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The diversity of American mothers

While existing research suggests that mothers will welcome care subsidies, scholars know too little about how race, ethnicity, immigration status, or economic precarity shape their experiences and political views. As various outlets have reported, Black women, Latinas, Indigenous women, and other women of color have been hit harder by the pandemic than have White women. To care for their children and families, non-White mothers, both with and without spouses or partners, have had to quit their jobs at higher rates than White or women without children at home. Recent research suggests that this may influence their political views and mothers’ sense that their fates are linked with those of other women who have had to drop out of working to fulfill caregiving responsibilities. Higher levels of perceived “linked fate” among women are associated with a greater likelihood of supporting the Democratic Party and identifying as liberal. But scholars have a great deal more to learn about how the pandemic may affect the future political attitudes and behavior of mothers and other caregivers.

The pandemic may also offer insight into existing gaps in social supports and provide examples of policy innovations that can help vulnerable populations.

For example, both non-White and immigrant mothers, specifically those who are undocumented, make up a large portion of essential workers and are in low-income jobs. Undocumented mothers have not been eligible for any covid-19 relief distributed by the federal government. A recent study of Latina immigrant mothers in Los Angeles found that, as with other low-income mothers, this group struggles with food insecurity and accessing financial assistance. Some states such as California have created mini-relief programs specifically to help undocumented mothers and families, but researchers may wish to investigate additional struggles confronting these particularly vulnerable mothers.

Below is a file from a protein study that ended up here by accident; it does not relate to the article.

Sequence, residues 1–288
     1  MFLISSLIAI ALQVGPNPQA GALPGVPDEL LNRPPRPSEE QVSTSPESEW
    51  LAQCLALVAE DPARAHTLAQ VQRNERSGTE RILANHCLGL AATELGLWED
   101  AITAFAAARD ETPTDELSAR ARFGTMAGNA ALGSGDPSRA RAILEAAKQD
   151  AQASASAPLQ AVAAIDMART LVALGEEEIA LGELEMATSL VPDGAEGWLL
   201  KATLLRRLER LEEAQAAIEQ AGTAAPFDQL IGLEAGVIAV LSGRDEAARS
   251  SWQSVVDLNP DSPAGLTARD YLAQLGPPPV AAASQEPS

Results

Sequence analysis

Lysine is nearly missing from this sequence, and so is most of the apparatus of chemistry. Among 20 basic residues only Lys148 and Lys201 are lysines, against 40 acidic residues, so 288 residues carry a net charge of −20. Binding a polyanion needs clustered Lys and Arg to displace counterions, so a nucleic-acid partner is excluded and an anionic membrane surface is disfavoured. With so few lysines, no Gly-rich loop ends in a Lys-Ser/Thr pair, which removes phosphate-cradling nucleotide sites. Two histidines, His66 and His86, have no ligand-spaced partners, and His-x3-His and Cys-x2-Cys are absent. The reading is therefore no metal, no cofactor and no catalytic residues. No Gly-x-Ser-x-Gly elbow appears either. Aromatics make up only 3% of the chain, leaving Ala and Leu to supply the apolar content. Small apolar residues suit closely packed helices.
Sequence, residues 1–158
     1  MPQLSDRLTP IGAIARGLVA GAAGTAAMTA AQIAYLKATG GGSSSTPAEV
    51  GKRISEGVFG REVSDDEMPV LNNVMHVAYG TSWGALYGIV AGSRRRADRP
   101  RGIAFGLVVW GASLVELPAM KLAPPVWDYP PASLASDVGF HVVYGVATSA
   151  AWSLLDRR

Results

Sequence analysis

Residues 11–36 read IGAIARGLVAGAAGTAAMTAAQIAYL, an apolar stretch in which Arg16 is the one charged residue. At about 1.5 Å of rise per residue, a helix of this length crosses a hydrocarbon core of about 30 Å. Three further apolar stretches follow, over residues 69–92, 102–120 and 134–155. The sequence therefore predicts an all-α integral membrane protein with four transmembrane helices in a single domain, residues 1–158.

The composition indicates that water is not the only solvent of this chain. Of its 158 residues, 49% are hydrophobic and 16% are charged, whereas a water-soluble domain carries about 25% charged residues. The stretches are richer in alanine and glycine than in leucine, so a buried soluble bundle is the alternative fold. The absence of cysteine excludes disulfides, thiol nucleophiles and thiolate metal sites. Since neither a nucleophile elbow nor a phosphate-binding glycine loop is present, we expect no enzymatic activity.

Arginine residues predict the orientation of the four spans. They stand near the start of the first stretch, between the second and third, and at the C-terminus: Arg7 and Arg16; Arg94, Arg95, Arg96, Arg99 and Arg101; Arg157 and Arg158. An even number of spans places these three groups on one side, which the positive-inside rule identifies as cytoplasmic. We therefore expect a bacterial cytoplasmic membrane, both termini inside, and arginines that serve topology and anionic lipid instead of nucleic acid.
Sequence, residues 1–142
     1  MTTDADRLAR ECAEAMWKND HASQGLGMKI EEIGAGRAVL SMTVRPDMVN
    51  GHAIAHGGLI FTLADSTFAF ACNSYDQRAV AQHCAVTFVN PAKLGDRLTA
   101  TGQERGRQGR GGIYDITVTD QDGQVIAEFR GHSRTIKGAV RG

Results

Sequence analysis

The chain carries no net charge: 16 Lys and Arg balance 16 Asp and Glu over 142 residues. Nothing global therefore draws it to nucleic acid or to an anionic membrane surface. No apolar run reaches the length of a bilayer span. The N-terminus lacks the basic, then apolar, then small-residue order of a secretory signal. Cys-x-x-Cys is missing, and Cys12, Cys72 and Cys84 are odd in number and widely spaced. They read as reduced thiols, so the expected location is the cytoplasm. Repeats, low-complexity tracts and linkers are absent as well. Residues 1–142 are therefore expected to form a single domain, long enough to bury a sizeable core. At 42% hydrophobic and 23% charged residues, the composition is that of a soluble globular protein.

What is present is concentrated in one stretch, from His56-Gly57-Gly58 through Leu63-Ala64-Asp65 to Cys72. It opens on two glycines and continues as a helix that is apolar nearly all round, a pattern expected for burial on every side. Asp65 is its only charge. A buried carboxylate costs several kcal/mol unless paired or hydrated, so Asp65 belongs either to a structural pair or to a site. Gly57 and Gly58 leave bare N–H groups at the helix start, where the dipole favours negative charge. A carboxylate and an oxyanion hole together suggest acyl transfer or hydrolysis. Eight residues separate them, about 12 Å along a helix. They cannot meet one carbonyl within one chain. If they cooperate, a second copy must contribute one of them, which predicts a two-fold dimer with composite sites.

Check out TMC's Gender and Politics classroom topic guide for more relevant analyses.

Help for American mothers

American mothers are digging their way out of record job losses, worrying about how to overcome their children’s learning deficits from a year spent at home, and repairing the damage that the pandemic brought upon their work and family lives. While some political activists, unions, and celebrities have called for a different approach such as the Marshall Plan for Moms, introduced in Congress by Rep. Grace Meng (D-N.Y.), the Biden proposal would begin to build a policy infrastructure to support all mothers and caregivers. Some may consider that a more significant Mother’s Day gift than flowers.

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Ivy AM Cargile (@IvyAMCargile) is an assistant professor of political science at California State University, Bakersfield and co-editor of “The Hillary Effect: Perspectives on Clinton’s Legacy” (Bloomsbury Press, 2020).

Jill Greenlee (@greenlee_jill) is an associate professor of politics and women’s, gender & sexuality studies at Brandeis University and author of “The Political Consequences of Motherhood” (University of Michigan Press, 2014).

Sarah Hayes (@sarahvhayes) is a graduate student in political science at the University of California at Riverside and an American Political Science Association diversity fellow.